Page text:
Today I want to talk to you about how people make decisions. Many choices in our lives have uncertain outcomes. Choosing between two alternatives often involves a risk, such as whether you should spend your birthday money on a new bicycle or on a PlayStation.
They met in a airport because of a book that one of them was reading, the same the other had recently read. The conversation was so stimulating that they decided to continue it online and share it with their readers. They both believe this will be the first of an endless series of talks about the subject—what makes people tick—that tickles them the most.
Paul Verhaeghe is a psychoanalyst and writer. That wouldn’t make him exceptionally different from other psychotherapists if his last book wasn’t about Economics, but it is. Economics? Well, to be more precise, the book is about the current western socio-economic system—Neo-liberalism—and the effect it is having on our minds and bodies.
If governments adapt to, instead of resisting, individual bias in decision-making, they can, through small, low-cost, but powerful actions, enable people to make decisions and behave in ways that will lead to their longer term well-being. The WDR15 is a very important contribution that signifies a changed reality is not so far away.
Systematic discrepancies between decision utility and experienced utility, as research in the field of behavioral decision theory has been shown, question on the idea that observed choices provide a direct measure of utility, and is revolutionizing the way we look at society and policy.
Vatsalya Srivastava is an Indian Professor who is studying Finances in the University of Tilburg – Holland. He was my colleague in the course of Behavioral Economics. When in one class, we were discussing the Economics of Happiness, I understood he had been in Bhutan, and couldn’t resist inviting him for an interview.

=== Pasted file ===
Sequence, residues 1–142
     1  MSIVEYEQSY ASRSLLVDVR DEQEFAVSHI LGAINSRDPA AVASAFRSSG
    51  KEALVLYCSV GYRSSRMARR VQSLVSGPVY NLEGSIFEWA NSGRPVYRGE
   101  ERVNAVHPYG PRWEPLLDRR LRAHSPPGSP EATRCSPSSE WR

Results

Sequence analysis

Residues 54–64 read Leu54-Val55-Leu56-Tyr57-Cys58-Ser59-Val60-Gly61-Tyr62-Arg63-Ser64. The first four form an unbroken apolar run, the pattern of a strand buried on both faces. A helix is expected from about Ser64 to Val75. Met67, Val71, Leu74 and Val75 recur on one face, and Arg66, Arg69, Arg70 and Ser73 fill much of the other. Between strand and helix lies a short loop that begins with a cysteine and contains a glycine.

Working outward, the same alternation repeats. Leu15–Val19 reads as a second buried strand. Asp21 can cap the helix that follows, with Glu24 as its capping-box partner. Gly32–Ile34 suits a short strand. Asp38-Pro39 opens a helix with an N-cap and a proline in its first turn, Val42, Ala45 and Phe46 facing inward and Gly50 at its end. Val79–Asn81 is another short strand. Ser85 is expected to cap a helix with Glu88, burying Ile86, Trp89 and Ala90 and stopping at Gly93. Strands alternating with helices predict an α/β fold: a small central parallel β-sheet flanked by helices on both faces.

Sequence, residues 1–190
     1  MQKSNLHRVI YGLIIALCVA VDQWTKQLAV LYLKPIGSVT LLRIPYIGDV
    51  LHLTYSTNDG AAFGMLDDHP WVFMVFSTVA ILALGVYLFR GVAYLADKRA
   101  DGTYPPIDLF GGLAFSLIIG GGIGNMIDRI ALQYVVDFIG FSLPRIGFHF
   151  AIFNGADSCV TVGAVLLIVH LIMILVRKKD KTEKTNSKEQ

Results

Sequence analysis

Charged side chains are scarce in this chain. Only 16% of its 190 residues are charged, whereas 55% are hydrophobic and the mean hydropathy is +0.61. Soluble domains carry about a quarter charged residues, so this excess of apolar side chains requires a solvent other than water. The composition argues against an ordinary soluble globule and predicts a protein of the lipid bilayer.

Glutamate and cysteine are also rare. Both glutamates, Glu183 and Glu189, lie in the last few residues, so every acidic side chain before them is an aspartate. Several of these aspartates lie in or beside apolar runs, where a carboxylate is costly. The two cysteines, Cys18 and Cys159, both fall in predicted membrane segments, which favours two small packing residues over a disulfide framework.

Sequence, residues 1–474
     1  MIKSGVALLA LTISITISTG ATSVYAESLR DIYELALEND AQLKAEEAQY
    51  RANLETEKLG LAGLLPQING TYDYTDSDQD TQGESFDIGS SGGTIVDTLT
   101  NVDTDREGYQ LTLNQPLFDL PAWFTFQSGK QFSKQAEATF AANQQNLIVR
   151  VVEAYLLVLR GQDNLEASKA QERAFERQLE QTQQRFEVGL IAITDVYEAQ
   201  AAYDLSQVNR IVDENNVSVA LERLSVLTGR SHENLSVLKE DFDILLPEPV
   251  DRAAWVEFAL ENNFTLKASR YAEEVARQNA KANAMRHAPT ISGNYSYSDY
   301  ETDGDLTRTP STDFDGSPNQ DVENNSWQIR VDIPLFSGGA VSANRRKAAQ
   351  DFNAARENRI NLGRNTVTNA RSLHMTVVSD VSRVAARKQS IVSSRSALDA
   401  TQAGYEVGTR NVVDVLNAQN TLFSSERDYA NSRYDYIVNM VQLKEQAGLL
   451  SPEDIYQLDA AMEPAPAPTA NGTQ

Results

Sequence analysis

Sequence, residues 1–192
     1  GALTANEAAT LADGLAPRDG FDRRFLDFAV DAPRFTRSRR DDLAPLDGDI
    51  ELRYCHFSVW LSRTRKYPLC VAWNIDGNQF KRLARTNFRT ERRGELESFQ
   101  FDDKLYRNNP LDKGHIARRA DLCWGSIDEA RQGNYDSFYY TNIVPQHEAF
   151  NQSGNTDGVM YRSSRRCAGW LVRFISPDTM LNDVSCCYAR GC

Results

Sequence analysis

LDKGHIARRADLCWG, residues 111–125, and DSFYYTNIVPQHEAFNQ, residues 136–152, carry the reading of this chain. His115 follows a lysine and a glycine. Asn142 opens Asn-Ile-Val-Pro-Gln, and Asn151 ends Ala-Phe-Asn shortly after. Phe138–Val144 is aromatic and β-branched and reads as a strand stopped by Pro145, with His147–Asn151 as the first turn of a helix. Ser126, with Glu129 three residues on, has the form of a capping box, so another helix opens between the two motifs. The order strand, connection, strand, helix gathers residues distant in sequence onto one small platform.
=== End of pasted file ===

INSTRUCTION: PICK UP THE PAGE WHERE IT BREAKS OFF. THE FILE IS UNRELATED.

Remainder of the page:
Economic indicators have been very important in the last decade, where our material needs haven't been completely satisfied, and our well-being has been closely related to the fulfillment of those needs.
When we are making decisions about a social problem, we should consider not only the technological and economic dimensions of the problem, but also the psychological ones. The Sweet Spot, would be the decision that optimizes the three.
Believing in a self-interested model of humanity can be partial and incomplete, but even more disturbing it can also bring to surface the worst in us, contributing to a more selfish social environment.
Adam Smith created one of the most famous ideas in economics. The brilliant Scottish economist called his idea The Invisible Hand and through its creation removed from our minds the fear of free markets theory, making people believe that the best way to regulation is self-regulation.
What is self-regulation? Self-regulation is synonymous with individual inhibition of an automatic behavior of future negative consequences, through a self-control process. Its study was initiated during the '60s by Walter Mischel, through the now famous "Marsmallow Test."